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The Movement Concept
Historically, architects have understood the movement concept as the course of an eye that moves in space, yet the architecture itself, in its design and implementation was seen as static, fixed, ideal, and material. Static and equilibrium always have been tenets of traditional architecture, always associated with the concepts of proportionality and stability.
Issues that suggest movement and dynamics in architecture are often driven with picturesque views, where buildings were not only built as static forms, but conceptualized and designed based on models of rigidity and balance.
Even today, the common animation software for the architecture field reinforces that thought, which says that the architectural design belongs to the Cartesian space waiting to be animated by a mobile vision.
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Organic and Dynamic
But recently began a new movement that seeks to change the view of the theory that judges and orders the design through treaties, manuals, and even styles and pre-established movements from the various historical periods. Building on a theoretical and philosophical basis, there are the experimenters of architecture through studies prismatic and diagrammatic, among several others, proposing an alternative beyond the common and based on their own studies and observations. Instead of using animation software, which stimulates the ordinary movement in Cartesian space and linear, there is a growing movement that seeks an attempt to use advanced motion for dynamically designing architectural projects. This revolution is made through the combination of surfaces deformed by external physical forces and biological models, trying to coordinate better than conventional software architecture in order to design a unique and living project.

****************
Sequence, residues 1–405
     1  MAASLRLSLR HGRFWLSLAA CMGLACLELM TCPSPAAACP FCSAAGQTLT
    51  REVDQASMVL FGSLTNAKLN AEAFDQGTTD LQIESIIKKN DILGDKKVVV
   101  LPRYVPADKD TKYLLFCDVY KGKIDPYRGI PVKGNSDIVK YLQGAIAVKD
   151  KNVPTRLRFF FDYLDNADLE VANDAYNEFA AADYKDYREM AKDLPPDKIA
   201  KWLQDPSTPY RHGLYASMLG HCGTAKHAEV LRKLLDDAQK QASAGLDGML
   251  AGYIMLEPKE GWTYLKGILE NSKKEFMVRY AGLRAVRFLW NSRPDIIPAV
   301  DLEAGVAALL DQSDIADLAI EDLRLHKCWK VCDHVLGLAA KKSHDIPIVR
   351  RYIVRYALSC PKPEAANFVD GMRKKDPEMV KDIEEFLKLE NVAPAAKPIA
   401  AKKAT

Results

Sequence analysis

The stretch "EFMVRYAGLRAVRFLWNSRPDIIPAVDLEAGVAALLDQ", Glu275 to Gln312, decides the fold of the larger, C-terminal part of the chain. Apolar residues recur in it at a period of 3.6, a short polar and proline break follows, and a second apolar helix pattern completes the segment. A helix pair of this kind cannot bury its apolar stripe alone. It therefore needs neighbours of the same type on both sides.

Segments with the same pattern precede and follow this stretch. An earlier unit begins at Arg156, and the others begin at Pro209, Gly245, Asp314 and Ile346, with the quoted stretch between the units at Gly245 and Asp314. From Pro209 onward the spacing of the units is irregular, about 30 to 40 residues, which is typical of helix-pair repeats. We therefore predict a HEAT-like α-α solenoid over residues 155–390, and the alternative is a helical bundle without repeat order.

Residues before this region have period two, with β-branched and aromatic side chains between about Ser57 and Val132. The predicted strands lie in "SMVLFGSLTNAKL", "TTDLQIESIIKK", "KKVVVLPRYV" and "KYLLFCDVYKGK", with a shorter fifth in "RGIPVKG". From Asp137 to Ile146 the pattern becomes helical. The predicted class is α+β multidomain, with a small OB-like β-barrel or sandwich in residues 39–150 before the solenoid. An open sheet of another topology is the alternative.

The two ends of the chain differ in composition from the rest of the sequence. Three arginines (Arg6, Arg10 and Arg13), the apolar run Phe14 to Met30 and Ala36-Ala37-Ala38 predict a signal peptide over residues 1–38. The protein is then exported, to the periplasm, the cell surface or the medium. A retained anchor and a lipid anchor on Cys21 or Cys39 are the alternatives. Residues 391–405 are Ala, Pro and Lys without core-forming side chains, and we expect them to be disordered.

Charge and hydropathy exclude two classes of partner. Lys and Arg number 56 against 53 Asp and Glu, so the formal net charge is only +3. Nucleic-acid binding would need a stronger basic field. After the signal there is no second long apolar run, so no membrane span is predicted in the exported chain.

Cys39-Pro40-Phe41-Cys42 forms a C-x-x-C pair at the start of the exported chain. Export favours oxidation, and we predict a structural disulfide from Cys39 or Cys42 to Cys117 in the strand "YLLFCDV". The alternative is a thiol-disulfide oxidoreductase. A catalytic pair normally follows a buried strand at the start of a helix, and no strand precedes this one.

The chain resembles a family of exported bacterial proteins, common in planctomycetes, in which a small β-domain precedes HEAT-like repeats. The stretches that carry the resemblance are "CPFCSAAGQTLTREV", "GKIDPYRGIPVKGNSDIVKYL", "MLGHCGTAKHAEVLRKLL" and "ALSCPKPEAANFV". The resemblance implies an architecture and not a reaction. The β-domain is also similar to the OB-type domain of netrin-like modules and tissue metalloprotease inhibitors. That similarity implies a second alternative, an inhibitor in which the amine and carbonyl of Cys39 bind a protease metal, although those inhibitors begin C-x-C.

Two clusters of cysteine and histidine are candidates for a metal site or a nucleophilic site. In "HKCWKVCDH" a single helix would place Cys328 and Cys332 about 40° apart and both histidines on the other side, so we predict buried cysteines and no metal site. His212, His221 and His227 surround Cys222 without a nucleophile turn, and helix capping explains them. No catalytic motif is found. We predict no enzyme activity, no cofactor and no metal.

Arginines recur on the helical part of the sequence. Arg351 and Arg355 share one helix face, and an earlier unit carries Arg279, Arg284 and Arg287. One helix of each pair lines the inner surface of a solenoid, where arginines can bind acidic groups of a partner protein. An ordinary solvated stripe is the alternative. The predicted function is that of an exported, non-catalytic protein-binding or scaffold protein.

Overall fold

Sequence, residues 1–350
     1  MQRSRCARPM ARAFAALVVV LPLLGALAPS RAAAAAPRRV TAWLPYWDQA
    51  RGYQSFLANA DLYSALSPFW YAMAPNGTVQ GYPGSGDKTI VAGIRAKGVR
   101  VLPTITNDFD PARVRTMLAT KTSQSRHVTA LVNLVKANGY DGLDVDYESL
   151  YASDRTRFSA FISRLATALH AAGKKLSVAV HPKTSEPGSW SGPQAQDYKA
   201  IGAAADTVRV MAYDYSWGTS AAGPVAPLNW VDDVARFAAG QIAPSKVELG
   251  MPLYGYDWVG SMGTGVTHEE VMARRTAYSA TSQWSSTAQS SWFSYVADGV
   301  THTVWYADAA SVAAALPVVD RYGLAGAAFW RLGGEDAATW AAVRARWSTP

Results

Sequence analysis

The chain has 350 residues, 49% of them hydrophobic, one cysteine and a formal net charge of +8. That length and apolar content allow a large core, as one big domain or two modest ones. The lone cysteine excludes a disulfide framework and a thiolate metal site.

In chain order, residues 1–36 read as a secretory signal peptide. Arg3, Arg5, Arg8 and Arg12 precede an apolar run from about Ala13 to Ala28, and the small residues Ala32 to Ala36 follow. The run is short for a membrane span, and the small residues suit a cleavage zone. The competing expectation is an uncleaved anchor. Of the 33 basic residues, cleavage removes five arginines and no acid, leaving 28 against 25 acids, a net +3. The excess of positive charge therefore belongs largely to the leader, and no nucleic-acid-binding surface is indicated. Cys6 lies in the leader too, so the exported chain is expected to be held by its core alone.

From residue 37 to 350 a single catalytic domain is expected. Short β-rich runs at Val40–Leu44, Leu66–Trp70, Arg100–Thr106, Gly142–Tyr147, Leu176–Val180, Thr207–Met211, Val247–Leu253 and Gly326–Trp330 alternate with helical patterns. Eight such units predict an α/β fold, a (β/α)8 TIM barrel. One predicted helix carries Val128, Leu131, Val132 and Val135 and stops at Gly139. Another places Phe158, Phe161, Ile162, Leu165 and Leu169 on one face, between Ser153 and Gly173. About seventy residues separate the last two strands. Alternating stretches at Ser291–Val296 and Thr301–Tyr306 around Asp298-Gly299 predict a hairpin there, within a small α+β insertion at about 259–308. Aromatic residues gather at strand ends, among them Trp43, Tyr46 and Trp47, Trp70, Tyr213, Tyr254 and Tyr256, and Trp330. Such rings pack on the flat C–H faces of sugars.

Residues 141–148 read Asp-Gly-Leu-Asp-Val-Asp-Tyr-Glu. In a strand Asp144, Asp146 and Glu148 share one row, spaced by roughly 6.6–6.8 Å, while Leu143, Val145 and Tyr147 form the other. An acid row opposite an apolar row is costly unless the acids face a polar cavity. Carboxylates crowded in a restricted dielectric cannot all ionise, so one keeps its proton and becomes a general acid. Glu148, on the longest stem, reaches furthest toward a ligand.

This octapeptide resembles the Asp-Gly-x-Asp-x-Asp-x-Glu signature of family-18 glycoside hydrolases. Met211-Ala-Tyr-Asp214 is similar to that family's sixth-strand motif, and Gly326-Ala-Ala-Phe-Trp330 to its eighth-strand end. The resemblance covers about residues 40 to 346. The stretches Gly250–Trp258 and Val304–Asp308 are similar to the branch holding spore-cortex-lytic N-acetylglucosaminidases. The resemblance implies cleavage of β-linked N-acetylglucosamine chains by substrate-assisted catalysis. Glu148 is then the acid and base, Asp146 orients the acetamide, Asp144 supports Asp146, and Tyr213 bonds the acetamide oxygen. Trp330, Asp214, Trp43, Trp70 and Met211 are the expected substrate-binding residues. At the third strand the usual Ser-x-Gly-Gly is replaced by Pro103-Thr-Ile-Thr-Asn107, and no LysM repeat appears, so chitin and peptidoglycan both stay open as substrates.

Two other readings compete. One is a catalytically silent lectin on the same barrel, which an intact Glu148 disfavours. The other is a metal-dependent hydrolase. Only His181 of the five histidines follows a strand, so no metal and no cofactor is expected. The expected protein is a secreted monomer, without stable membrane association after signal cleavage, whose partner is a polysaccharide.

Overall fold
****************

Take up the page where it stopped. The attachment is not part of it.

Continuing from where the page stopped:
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The explosive energy of these dynamic designs often seem to oppose the weight and the static nature of matter, like the floating house above designed by Jedrzej Lewandowski and Skirzynski Lukasz. In their search for systems that simulate the appearance of life, the special effects and animation industry is crucial for this type of research at the intersection of determination and indeterminacy, that control is essential for the development of this dynamic design method, only with the use of typological geometry that can be bent, twisted, deformed, and referenced to when necessary to maintain its linearity.